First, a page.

There is rarely a time in Sprint Cup racing where one or two organizations don’t seem to be a on a different playing field than the competition. Over the last 15 years or so, it has primarily been Hendrick Motorsports (Hendrick has won 10 of the last 16 series titles) and Roush Fenway Racing (two titles).
In 2011, it seems like the playing field has evened. Old dependables like Jimmie Johnson, Jeff Gordon and Kevin Harvick have been quite the opposite this year. They are great one week and off the next. Meanwhile, names like Paul Menard, Martin Truex Jr., Juan Pablo Montoya and AJ Allmendinger are all ahead of the aforementioned drivers in the standings.
The gap between first and 25th has tightened and as a fan it is thrilling, but as a fantasy owner it is frustrating not knowing who to depend on from week to week. To further illustrate my point, in 2008 three drivers (Carl Edwards, Johnson and Kyle Busch) combined to win 24 of the 36 races. The racing could put you to sleep, but picking drivers each week was cake.
So far in 2011, we have seen a 20-year-old win in his second career start, a veteran break the longest losing streak of his career at a track he had little success at and one of the sport’s most popular names return to championship form after a couple of less than stellar years. On that note, we head to a half-mile bullring where things can only get crazier.
Don’t be afraid to get a little Rowdy this weekend. Kyle Busch has won three of the last four Sprint Cup races at Bristol, including a win in the series’ last visit to Thunder Valley. He has proven that he not only has a knack for Bristol, but for other short tracks as well. Busch and Johnson were the only drivers to finish in the top 10 in five of six short-track (Bristol, Richmond, Martinsville) races in 2010.
Busch was the most impressive with two wins and four top-five finishes. Rowdy has thrived at NASCAR’s short tracks and so has his team. Joe Gibbs Racing (either Busch or Denny Hamlin) has won the last five short-track races.
The last non-Gibbs car to go to victory lane was Jimmie Johnson in March of last year at Bristol. The five-time champion’s consistency on tracks under a mile in length make him a good second option. If it wasn’t for an accident in the fall Bristol race, he probably would have been the only driver to record top-10 finishes in all six short-track races in 2010.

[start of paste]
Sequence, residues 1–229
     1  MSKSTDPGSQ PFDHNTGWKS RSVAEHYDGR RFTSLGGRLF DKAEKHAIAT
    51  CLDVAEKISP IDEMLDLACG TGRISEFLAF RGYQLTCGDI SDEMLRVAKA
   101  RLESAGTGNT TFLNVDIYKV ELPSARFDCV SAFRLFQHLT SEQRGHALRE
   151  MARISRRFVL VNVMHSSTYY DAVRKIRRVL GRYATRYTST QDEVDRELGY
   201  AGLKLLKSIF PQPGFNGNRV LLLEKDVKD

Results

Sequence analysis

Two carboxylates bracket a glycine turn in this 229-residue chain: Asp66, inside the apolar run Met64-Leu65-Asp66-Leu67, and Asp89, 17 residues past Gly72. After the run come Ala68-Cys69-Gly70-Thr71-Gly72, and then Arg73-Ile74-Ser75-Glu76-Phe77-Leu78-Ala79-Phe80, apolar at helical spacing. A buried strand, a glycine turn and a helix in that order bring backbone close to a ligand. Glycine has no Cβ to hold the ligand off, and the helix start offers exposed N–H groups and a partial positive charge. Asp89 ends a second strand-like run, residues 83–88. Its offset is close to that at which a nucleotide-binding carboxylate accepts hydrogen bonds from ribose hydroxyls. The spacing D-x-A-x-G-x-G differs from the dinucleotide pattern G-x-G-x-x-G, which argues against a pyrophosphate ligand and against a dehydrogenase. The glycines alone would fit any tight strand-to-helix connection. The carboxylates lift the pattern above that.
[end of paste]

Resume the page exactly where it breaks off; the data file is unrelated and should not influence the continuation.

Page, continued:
Now, bear with me here. Other than Busch, David Reutimann might be the next best fantasy pick. He certainly has earned the right to start over other mid-tier drivers this weekend. While Reutimann hasn’t exactly set the world on fire at short tracks in his career and is regarded primarily as a strong intermediate track driver, he has been impressive at Bristol. The Aaron’s Dream Machine was all over the rear bumper of Busch at the finish of last fall’s race and it was no fluke. He was equally as good in the spring, qualifying 10th and driving into the top five before encountering engine problems. Don’t sleep on Reutimann.
In a mid-tier category, Dale Earnhardt Jr. is a good pick at Thunder Valley. Earnhardt Jr. didn’t perform particularly well on short tracks last season (two top 10s), but has always raced well at Bristol. His average finish of 10.75 ranks fifth among active drivers. His confidence also appears to have increased after back-to-back top-10 finishes at Phoenix and Las Vegas. Earnhardt Jr. and new crew chief Steve Letarte are gelling well.
Paul Menard has been the class of the field in bottom-tier groups this season. Once again this year, he has provided more for his fantasy value than almost any other driver. He is currently sixth in Sprint Cup points and has been the strongest Richard Childress Racing car by a wide margin. I don’t expect him to contend for the win this weekend, but won’t be surprised if he is in the top 15 or even top 10 when the race is over.
It would be difficult to pick a top-tier driver who hasn’t run well recently at Bristol. However, being that so many big names have run well, I would stay away from Kevin Harvick this weekend. Harvick finished just outside the top 10 in both races last year. He is also coming off of a disappointing 17th-place finish at Las Vegas.
In a mid-level category, Mark Martin has been a popular choice for fantasy owners this weekend, but I’m not sure he should be. Martin had only one top 10 (second at Martinsville) in the six short-track races last season. His best finish at Bristol was 23rd.
Until next week, good luck my friends!
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